I and I'm sure the others aren't trying to be rude, it's just that this kind of thing can become a huge burden over time.  Many many people move to Australia intending to go back every year, and family intend to come and visit, but often the appeal reduces after a few years, and there are so many other things that eat up your cash.  We just want to make sure you have thought it all through, and it certainly seems you have.  Good luck with working out your visa!

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PR (100) granted 12 Nov 2018, validation Trip Feb 2019, planning to move to Perth Sep-Oct 2019!

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8 hours ago, Elliejonessxo said:

Can we register even though we don't qualify as defacto?

i am pretty sure, i havent done it myself but it doesnt say anything about needing to be in a defacto relationship

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9 hours ago, Elliejonessxo said:

Can we register even though we don't qualify as defacto?

If you’re not de facto, why are you asking about partner visas?

 To register a relationship, it must be a genuine de facto relationship but you don’t need to have been together for any minimum length of time 


Scot by birth, emigrated 1985 | Aussie husband applied UK spouse visa Jan 2015, granted March 2015, moved to UK May 2015 | Returned to Oz June 2016

"The stranger who comes home does not make himself at home but makes home itself strange." -- Rainer Maria Rilke

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12 hours ago, Elliejonessxo said:

Can we register even though we don't qualify as defacto?

To qualify as de facto for a visa you need (as you know ) 12 months cohabitation. Registering the relationship, just like getting married, removes the need for the 12 months.  In Qld,one partner must be a state resident, and both of you must be single and "free to marry".  You then use the registration instead of marriage when applying for the visa. 

No need to prove any time living together - it just replaces the marriage certificate. 

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If you're going to be working in Aus have a re-think about the going back for 6 weeks.  You may find you only have about 4 or 5 weeks annual leave and i'm sure you'd also want to take some family holidays in aus with your son and new partner.  Only having one block of leave each year might prove become a bit draining for you.

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I just want PIO to be a happy place where people are nice to each other and unicorns poop rainbows

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13 hours ago, Marisawright said:

If you’re not de facto, why are you asking about partner visas?

 To register a relationship, it must be a genuine de facto relationship but you don’t need to have been together for any minimum length of time 

See it’s hard for us, as even though we’ve spent time together, we haven’t lived together. But he is coming to the uk on a working visa for as long as he can - or until we’ve reached financial stability with my visa.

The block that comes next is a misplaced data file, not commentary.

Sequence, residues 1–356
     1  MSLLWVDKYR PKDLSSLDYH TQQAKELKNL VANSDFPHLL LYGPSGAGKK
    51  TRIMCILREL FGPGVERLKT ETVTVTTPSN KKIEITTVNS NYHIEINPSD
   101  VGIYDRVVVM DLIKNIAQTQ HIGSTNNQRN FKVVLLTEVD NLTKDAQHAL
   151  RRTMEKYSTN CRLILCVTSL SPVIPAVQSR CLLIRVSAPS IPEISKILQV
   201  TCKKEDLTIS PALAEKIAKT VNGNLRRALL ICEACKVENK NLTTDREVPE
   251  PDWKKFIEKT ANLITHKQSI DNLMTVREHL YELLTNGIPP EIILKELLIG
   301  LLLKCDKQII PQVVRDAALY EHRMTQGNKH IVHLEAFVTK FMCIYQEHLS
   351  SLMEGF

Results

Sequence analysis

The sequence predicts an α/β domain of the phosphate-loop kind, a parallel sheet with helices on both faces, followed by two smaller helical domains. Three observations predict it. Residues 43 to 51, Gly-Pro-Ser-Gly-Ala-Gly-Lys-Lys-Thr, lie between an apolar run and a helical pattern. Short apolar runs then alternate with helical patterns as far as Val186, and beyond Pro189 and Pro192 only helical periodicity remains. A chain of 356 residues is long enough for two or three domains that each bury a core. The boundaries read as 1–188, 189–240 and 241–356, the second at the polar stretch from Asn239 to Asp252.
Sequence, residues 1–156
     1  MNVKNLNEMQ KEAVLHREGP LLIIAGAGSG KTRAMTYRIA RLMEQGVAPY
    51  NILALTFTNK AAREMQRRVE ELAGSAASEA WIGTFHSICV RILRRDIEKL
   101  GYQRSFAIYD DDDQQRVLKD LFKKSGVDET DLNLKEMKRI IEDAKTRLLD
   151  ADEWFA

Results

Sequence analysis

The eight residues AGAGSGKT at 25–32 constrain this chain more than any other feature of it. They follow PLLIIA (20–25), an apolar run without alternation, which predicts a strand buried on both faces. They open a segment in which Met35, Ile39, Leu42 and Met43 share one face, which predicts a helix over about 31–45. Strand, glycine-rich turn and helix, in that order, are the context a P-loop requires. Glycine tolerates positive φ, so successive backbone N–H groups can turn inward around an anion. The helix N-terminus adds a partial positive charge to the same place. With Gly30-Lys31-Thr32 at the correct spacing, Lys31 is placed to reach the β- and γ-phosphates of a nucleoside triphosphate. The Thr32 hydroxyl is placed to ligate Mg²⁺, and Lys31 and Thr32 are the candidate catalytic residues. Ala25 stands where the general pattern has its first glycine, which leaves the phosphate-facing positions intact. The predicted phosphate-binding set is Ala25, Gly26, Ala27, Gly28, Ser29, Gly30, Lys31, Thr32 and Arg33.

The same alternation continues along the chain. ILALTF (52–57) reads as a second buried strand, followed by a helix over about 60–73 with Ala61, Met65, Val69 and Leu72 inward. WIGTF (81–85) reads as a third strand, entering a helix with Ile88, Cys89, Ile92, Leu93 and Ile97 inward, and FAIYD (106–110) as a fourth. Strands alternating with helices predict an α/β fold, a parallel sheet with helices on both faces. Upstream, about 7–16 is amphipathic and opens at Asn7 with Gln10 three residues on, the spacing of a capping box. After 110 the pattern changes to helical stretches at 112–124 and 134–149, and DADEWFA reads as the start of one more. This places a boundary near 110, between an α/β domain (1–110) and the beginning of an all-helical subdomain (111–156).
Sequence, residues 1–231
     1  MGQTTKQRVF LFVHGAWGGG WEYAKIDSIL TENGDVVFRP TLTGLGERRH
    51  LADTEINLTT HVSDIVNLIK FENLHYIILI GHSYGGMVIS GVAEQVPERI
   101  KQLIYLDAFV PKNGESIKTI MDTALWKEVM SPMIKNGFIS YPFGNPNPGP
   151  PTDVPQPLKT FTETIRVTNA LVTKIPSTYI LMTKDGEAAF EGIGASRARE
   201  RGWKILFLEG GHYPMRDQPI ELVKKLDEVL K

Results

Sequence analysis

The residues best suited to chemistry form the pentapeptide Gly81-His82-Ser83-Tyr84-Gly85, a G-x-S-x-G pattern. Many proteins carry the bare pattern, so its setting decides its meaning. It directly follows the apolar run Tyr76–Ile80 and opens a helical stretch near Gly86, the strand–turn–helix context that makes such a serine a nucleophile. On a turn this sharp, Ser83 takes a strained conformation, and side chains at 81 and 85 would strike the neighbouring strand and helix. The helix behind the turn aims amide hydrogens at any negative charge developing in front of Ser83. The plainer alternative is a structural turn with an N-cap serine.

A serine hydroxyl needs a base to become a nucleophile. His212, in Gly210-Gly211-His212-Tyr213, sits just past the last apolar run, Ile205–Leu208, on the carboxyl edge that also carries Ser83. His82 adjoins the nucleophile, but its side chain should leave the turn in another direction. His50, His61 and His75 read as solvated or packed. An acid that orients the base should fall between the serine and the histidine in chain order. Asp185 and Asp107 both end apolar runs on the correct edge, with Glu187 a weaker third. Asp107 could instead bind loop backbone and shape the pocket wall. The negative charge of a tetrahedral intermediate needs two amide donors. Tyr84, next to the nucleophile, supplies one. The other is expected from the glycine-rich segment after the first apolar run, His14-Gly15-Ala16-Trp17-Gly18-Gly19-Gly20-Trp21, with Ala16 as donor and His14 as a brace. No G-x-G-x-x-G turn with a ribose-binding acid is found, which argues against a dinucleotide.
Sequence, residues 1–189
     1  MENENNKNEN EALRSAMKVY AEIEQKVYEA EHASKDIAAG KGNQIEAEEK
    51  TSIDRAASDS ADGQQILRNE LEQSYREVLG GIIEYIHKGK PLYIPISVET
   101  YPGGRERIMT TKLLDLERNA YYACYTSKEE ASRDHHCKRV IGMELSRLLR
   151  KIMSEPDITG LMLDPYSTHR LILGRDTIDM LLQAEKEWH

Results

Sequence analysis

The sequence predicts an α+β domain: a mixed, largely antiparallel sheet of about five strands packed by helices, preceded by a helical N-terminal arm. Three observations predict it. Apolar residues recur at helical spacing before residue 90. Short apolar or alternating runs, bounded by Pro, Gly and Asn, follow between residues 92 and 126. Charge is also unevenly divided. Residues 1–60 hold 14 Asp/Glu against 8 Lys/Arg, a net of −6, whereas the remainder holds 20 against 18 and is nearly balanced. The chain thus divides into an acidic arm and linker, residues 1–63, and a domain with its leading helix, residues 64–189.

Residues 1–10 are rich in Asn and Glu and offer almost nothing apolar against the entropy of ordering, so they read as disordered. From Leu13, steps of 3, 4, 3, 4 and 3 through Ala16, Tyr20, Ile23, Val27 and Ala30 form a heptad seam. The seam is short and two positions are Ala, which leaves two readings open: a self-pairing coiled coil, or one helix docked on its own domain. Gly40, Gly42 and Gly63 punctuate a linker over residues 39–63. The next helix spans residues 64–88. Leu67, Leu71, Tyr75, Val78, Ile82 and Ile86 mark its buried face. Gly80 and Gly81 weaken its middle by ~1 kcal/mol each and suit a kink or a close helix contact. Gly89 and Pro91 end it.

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9 hours ago, Nemesis said:

To qualify as de facto for a visa you need (as you know ) 12 months cohabitation. Registering the relationship, just like getting married, removes the need for the 12 months.  In Qld,one partner must be a state resident, and both of you must be single and "free to marry".  You then use the registration instead of marriage when applying for the visa. 

No need to prove any time living together - it just replaces the marriage certificate. 

So we could register the relationship? And just go for the de facto visa? 

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23 minutes ago, ali said:

If you're going to be working in Aus have a re-think about the going back for 6 weeks.  You may find you only have about 4 or 5 weeks annual leave and i'm sure you'd also want to take some family holidays in aus with your son and new partner.  Only having one block of leave each year might prove become a bit draining for you.

I still need to work it all out. But it’s hard thinking I’m going to be leaving my family - especially my mum and brothers. 

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1 hour ago, Elliejonessxo said:

I still need to work it all out. But it’s hard thinking I’m going to be leaving my family - especially my mum and brothers. 

Trying to work out what visa you are going to apply for that will give you the right to live and work here? You don’t appear to be in. A De facto relationship yet? So even if you register your relationship does that alter your status? so you can move here.

Qld might be different, but my daughter in NSW’s lived properly with her partner for over 6 months before they registered their relationship, and then left it for more months before they could legally apply for the partner visa.

I have been on PIO a long time, and always recommend getting the correct advice from an MA rather than well meaning advice from posters. Have seen some dreadful advice given in my time. 

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2 hours ago, Elliejonessxo said:

I still need to work it all out. But it’s hard thinking I’m going to be leaving my family - especially my mum and brothers. 

Would it be easier if he 'migrated' to the UK?  You wouldn't have to leave your family and no worries about the expense of flying your ex over to Australia regularly for the sake of him and your son.

Edited by Toots
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5 hours ago, Elliejonessxo said:

So we could register the relationship? And just go for the de facto visa? 

You register the relationship and then apply for the visa as if you were married, except that instead of the marriage certificate you have the Registered Relationship certificate. That means you don't have to prove any time living together - same as if you were married.

Your son goes on the application as your dependent.